Sometimes, the more things change, the more they don’t stay the same. To sum up this current election cycle for the Republican Party in four words, “all bets are off.” With the vacuum that’s been created by the GOP’s implosion and internecine wars, it appears that no matter who wins the nomination, it’s going to be a fractured party. And while no one knows exactly what’s going to transpire in the months ahead, this rupture isn’t a question of “if,” it’s a matter of “how.”

As a practical Republican (an increasingly endangered species), I want to speak directly to college students across America, particularly those of you who identify yourselves as Republicans. When I became eligible to vote in 1979, national politics was a much different animal. As a political science major at Claremont McKenna College, I gained a deeper understanding of how government works during the Reagan Presidency.

In stark contrast to today’s environment in Washington, in 1980, there were 60 Senators who were considered willing to work across the aisle and it would have been unimaginable for Tip O’Neill to say, “let’s do everything possible to make sure he’s only a one-time President.” I look back longingly on those days because people were thinking about what we could achieve, how the country could be better, what we could do to bring each other up and help each other succeed. Now, fast forward 36 years and Ronald Reagan wouldn’t even qualify as Republican today, transforming his famous quote to “I didn’t leave the Republican Party, the party left me.”

As government remains mired in gridlock and many older Americans cling to their party loyalties, your generation is going to have an unprecedented impact on the 2016 election.

One only has to look at the numbers to see that you cannot be ignored at the polls. Millennials (those of you born between 1982 and 2000) are now numbered at an estimated 83.1 million, the largest demographic in the U.S. and for the first time ever, equal in voting power to Baby Boomers. Provided you vote (45% of people between the ages of 18-29 voted in 2012 and only 41% for 18-24 year-olds), you will not only dramatically affect the general election, but Congressional and Senate races across the country. And for those of you who aren’t registered, it’s actually a lot easier than you think.

I also have good news for younger Republicans to consider during this divisive and potentially disastrous time for the party. You are not your parents! In Why America Is Moving Left, Peter Beinart notes the shifting values of the GOP’s Millenials.

“The press often depicts American politics as a battle pitting ever more liberal Democrats against ever more conservative Republicans. Among the young, however, that’s inaccurate. Young Democrats may be more liberal than their elders, but so are young Republicans. According to a Pew report, a clear majority of young Republicans say immigrants strengthen America, half say corporate profits are too high, and almost half say stricter environmental laws are worth the cost–answers that sharply distinguish them from older members of the GOP. Asked how they categorize themselves ideologically, more than two-thirds of Republican Millennials call themselves either ‘liberal’ or ‘mixed,’ while fewer than one-third call themselves ‘conservative.’ Among the oldest Republicans, that breakdown is almost exactly reversed.”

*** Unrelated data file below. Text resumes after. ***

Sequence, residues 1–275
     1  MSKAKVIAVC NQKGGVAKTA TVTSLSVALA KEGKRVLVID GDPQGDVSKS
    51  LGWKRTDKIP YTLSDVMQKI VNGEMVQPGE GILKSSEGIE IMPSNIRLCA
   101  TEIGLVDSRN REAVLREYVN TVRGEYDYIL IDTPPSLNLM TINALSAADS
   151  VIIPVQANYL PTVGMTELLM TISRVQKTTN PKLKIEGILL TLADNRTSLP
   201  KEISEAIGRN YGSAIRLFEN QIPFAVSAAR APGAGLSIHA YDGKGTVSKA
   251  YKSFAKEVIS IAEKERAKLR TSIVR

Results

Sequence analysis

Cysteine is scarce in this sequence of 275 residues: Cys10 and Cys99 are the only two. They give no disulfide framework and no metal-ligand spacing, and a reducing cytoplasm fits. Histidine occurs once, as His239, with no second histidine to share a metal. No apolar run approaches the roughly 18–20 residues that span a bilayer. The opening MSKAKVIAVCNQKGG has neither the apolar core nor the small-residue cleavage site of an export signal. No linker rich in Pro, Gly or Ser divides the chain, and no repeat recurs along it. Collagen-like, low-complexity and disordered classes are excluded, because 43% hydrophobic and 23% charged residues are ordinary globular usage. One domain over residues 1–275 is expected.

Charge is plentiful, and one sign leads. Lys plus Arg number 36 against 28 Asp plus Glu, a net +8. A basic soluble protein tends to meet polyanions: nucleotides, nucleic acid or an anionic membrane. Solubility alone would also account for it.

Despite all the predictions of gloom and doom from Republican candidates and the quagmire that a Trump nomination would hold, the future of politics is a little brighter than most people think. Your generation is one of the main reasons for that optimism because you have a chance to reshape the current dynamics. A poll by the Harvard Institute of Politics, noted that among potential voters age 18 to 29 what is valued most in a candidate, is integrity, level-headedness and authenticity, with political and business experience much further down the list. Today’s political climate may reflect a continuing breakdown of the system, but crisis also creates opportunities and when the highest levels of government fail, the only place to initiate change is from the bottom up.

I was on a conference call recently with former Utah Governor John Huntsman, the Co-Chair of the No Labels Foundation, of which I’m proud to be a board member and supporter of their college chapters program. I raised a question about the role Millennials will play in the 2016 election and he replied that according to pollster Frank Luntz, you actually prefer the term “Young Americans.” Lost in the bitter partisan rhetoric of Republican versus Democrat, we can lose sight of what ultimately unites us as citizens. Young Americans. I like the sound of that.

I want to issue an invitation to college students, especially GOP supporters. It’s critical for the world to hear your thoughts and ideas on the presidential campaigns, since you will ultimately inherit the unresolved problems on the pivotal issues facing this country. Just click Join the Conversation, and you can post your blogs, articles, comments and questions and I’ll share some of them in upcoming Huff Post blogs. It’s time America pays attention to what the next generation of political leaders has to say about the current state of affairs and more importantly, what you want for the future of our country.

So welcome to the conversation. It’s time we started listening.